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African socialism is a belief in sharing economic resources in a "traditional" African way, as distinct from classical socialism. Many African politicians of the 1950s and 1960s professed their support for African socialism, although definitions and interpretations of this term varied considerably.

Soviet and Chinese leaders helped African socialism to develop.[1] After the Sino-Soviet split, both pro-Moscow and pro-Beijing socialists emerged in Africa, while others were non-aligned.[1]

After the independence of most African countries during the 1960s, newly formed African regimes assumed they could not easily claim a great victory over the Europeans if they continued to use the same system that those oppressors had designed, namely capitalism, since all imperial regimes had been mainly capitalist, even if their adherence to free markets was not absolute. Socialism was popular among African leaders because it represented a break from the imperial ruling tradition. Socialism seemed, to many, to be all that capitalism was not.

At the same time, however, advocates of African socialism claimed that it was not the opposite of capitalism nor a response to it, but something completely different. Nationalists claimed it was fully African, appealing to an African identity that was even stronger than anti-capitalism. Their socialism, they claimed, was merely a recapturing of the spirit of what it was to be African.

A multitude of reasons were presented in support of African socialism. Many believed that Africa was too far "behind" capitalist states in terms of economic development to compete fairly with them. Others appealed to a sense of unity that would not be provided by the competitive capitalist systems. Still others believed that the development of Africa should be planned in order to avoid wasting scarce resources, and avoid future class conflicts.

African identity and socialism were often intertwined. Some leaders claimed that Africa had always been “socialist,” and appealed to socialism as a unifying cultural element for Africans. This was not by any means the only form of African identity that they appealed to, but the combination of socialism and African identity was doubly effective in ending the era of old imperial regimes. Social revolution usually went hand-in-hand with socialism.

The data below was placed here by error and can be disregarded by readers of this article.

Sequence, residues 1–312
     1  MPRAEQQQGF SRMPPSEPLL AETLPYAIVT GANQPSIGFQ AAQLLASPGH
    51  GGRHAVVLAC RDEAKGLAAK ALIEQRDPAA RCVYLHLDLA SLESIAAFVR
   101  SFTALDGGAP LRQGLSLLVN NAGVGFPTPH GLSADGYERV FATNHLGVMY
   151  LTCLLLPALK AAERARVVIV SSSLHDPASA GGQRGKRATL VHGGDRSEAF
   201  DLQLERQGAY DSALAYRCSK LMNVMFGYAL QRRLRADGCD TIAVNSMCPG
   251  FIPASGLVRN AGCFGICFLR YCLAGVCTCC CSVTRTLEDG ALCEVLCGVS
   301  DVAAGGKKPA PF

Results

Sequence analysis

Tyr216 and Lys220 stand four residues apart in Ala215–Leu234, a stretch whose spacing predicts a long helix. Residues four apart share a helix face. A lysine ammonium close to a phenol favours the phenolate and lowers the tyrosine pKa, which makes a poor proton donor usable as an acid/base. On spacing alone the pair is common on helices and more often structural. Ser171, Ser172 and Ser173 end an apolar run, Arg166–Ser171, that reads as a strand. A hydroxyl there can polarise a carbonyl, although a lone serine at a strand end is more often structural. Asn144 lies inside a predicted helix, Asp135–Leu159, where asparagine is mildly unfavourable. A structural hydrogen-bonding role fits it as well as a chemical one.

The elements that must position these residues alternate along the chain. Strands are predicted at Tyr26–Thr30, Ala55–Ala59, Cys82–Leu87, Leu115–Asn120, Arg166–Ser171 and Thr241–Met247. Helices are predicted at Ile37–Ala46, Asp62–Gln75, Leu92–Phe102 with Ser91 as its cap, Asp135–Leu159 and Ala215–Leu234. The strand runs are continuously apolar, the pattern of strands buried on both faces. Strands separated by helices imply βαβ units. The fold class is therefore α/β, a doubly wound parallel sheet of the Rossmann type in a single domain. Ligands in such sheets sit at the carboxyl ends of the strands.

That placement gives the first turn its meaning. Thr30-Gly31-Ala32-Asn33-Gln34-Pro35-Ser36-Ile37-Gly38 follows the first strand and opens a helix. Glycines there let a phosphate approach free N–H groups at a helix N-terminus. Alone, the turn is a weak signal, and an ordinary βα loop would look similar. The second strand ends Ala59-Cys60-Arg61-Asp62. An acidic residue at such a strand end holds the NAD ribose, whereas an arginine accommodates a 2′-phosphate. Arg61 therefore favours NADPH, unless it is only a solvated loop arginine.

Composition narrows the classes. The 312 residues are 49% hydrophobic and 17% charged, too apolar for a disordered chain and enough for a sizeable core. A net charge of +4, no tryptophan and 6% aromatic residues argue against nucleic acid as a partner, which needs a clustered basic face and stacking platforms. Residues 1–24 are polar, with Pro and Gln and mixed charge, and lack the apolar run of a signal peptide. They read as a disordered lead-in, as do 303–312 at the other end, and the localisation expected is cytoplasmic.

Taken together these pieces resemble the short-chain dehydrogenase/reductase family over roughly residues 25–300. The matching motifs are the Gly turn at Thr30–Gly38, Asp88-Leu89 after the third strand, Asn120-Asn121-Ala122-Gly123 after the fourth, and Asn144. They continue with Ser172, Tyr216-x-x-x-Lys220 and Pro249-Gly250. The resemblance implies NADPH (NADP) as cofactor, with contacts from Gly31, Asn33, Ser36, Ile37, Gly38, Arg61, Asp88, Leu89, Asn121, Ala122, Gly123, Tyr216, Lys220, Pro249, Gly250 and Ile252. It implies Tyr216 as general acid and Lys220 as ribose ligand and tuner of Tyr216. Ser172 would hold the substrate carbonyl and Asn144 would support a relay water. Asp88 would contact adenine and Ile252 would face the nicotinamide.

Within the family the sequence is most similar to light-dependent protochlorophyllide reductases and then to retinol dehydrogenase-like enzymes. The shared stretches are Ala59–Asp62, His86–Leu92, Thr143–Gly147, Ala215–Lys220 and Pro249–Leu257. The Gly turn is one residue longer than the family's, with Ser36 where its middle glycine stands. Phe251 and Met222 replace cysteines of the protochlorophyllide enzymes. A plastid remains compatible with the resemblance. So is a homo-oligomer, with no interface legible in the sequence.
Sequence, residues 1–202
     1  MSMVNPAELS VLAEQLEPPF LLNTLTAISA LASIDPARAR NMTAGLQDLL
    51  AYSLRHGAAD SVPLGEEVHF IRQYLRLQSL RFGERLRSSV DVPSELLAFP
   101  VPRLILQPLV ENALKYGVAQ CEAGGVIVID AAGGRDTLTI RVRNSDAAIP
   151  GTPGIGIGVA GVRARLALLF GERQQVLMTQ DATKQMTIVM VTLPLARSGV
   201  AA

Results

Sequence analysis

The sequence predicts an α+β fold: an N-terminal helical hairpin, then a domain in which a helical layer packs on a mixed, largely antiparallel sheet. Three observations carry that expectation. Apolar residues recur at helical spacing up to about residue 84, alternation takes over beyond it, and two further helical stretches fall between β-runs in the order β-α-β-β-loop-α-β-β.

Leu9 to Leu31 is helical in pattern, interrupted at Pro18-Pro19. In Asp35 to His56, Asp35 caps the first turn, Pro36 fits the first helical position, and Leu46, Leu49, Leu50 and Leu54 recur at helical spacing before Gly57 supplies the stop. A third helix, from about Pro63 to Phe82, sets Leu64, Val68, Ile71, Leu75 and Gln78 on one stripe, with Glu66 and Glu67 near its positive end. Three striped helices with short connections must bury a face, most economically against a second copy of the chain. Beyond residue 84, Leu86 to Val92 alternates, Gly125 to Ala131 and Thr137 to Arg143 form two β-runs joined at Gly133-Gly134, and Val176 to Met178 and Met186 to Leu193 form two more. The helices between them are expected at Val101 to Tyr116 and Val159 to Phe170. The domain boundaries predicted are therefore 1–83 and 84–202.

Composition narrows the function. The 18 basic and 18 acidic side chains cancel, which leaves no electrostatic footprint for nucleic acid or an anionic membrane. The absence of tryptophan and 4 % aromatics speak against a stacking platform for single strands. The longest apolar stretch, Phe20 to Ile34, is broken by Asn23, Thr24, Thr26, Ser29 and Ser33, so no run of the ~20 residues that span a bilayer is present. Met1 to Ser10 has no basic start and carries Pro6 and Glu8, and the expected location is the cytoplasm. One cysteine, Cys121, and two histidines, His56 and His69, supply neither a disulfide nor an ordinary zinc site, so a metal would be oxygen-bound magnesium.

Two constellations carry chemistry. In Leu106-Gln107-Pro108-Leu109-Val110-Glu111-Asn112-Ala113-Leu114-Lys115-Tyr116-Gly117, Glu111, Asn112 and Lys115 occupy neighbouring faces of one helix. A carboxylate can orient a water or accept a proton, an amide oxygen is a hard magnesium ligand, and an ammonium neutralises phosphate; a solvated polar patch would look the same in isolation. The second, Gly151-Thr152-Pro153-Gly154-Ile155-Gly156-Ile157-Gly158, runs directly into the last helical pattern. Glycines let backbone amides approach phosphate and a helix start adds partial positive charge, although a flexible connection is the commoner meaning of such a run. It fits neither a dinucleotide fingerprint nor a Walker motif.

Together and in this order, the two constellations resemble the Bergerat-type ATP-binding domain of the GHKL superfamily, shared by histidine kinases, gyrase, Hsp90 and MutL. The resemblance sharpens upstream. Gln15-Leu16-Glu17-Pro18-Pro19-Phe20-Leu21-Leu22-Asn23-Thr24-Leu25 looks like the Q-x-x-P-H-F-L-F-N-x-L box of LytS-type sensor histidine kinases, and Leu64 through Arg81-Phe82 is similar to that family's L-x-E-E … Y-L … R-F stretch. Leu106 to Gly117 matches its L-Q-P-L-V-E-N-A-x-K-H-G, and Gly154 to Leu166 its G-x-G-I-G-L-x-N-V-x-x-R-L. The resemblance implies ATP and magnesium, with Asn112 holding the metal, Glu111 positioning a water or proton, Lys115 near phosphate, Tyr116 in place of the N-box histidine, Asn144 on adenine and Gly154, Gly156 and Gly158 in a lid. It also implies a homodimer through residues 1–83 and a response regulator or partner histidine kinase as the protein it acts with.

However, most regimes following African socialist programmes did not deliver on the promises of self-sufficiency, prosperity, and equality (partly as a result of the empowerment of the governments at the expense of the people), and as a result many have grown disillusioned with African socialism.

Julius Nyerere's African socialist "ujamaa"-collectives "proved disastrous for Tanzania's economy".[2]

Notes

  1. ^ a b Soviet Perspectives on African Socialism By Arthur Jay Klinghoffer
  2. ^ "OTributes pour in for Nyerere". BBC News. 1999-10-14. http://news.bbc.co.uk/2/hi/africa/475186.stm. Retrieved 2009-01-11.  

References

  • William H. Crawford and Carl G.Rosberg jr., African Socialism, Stanford University press, California, 1964.
  • Peter Worsley, The Third World,Weidenfeld and Nicholson, London, 1964.
  • Ghita Jonescu and Ernest Gellner, Populism, Weidenfeld and Nicholson, London, 1969.
  • Yves Bénot, Idélogies des Indepéndances africaines, F.Maspero, Paris, 1969.
  • Paolo Andreocci, Democrazia, partito unico e populismo nel pensiero politico africano, in Africa, Rome, n. 2-3, 1969.

See also

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